Spurred by a reader's question, I reached Little Rock laywer, Peter Kumpe, vice chairman of the Board of the University of Arkansas Foundation, about the recent decision of the UA Board of Trustees to give Fayetteville Chancellor David Gearhart a significant pay boost in the form of an annual $225,000 payment in deferred compensation until he retires from the post. Such payments typically accumulate tax free. The money is to be provided by the private UA Foundation.
How can the Board of Trustees make an annual commitment to an employee with money from a private organization it doesn't control?
Kumpe said that the Board of Trustees can only offer and that, of course, it would be up to the Board of the Foundation to fund the commitment. He said, to date, the Board of the Foundation had not discussed or approved an expenditure to provide deferred compensation to Gearhart. He said there'd been discussions "at the staff level" of the general issue of using Foundation money for deferred compensation to key employees. But he said it would be proper and he added his comments to those of others complimentary of the work Gearhart has been doing.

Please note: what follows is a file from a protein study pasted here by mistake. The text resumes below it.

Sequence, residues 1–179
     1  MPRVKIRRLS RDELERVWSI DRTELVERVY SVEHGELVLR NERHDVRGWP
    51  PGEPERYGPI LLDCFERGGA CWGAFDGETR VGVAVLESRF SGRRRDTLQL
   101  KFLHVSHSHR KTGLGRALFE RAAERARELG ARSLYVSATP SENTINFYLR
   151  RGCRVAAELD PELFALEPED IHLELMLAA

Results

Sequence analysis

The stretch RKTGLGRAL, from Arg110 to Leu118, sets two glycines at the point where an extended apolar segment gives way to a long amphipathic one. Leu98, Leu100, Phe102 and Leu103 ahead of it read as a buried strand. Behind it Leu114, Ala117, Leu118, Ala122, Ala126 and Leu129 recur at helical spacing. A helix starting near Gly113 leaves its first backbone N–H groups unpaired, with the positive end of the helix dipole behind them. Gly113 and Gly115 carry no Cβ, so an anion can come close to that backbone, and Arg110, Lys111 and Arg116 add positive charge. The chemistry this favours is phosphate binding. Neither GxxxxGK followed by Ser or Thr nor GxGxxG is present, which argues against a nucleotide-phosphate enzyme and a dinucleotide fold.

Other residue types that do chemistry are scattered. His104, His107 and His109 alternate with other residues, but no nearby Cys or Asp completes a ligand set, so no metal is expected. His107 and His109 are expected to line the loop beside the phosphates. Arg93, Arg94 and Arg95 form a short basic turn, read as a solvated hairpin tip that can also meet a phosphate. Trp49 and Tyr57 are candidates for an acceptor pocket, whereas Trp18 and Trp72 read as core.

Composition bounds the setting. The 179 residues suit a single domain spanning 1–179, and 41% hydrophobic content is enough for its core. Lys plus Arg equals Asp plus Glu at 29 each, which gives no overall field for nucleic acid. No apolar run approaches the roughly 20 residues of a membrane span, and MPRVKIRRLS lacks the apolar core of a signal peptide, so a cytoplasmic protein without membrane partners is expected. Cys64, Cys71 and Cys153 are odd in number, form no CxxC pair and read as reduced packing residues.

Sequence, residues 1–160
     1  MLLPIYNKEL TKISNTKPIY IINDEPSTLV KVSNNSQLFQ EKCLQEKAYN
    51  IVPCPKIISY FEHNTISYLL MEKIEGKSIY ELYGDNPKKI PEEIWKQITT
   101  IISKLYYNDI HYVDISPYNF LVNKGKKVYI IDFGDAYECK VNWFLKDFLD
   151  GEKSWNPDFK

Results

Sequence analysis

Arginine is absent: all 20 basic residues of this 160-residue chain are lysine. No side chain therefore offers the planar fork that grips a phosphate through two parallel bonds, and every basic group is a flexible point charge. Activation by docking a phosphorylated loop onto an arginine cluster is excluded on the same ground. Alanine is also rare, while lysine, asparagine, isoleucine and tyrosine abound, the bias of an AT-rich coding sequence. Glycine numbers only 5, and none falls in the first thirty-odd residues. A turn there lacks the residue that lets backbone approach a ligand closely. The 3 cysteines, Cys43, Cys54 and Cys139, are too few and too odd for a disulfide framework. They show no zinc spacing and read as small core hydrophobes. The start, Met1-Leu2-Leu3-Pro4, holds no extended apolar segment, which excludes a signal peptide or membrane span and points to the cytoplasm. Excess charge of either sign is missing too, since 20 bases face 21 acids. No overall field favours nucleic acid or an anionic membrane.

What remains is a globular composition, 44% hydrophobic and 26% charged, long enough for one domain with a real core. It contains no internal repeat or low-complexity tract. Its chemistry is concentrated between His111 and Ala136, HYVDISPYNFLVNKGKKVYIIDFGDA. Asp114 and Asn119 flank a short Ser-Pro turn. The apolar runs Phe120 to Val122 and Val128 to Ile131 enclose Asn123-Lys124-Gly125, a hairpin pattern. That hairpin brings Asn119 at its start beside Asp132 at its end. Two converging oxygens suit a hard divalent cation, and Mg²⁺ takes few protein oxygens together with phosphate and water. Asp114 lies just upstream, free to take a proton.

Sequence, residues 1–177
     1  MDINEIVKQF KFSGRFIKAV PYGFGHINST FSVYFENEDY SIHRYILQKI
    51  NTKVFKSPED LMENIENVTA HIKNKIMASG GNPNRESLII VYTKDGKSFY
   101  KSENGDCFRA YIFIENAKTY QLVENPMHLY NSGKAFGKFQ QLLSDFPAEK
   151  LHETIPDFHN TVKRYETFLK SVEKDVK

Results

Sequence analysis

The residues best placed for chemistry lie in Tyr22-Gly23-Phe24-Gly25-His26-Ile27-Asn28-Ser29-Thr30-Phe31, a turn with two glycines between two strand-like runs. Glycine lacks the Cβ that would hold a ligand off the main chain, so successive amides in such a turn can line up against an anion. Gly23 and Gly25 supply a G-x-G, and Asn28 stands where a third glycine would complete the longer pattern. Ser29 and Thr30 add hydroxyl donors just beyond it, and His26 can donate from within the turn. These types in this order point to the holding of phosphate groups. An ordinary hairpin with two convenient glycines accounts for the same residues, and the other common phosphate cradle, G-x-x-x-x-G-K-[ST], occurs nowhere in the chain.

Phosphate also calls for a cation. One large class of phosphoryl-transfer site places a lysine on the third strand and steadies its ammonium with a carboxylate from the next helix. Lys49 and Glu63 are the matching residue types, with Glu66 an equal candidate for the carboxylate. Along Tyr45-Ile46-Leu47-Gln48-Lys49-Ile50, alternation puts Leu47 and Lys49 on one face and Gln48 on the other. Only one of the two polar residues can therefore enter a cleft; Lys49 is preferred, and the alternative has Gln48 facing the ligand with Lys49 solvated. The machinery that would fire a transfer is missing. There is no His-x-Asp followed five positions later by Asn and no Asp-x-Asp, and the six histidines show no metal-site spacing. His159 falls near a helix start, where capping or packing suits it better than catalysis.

"If the Board of Trustees thinks some type of commitment to the chancellor is a good idea -- and if it's consistent with spending policies of the foundation and we're within terms of gift agreements -- there’d be no reason to question doing that," Kumpe said.
Kumpe said that the Foundation is independent and operates that way, though its aims may parallel those of the Board of Trustees, which appoints some of the Foundation Board's members.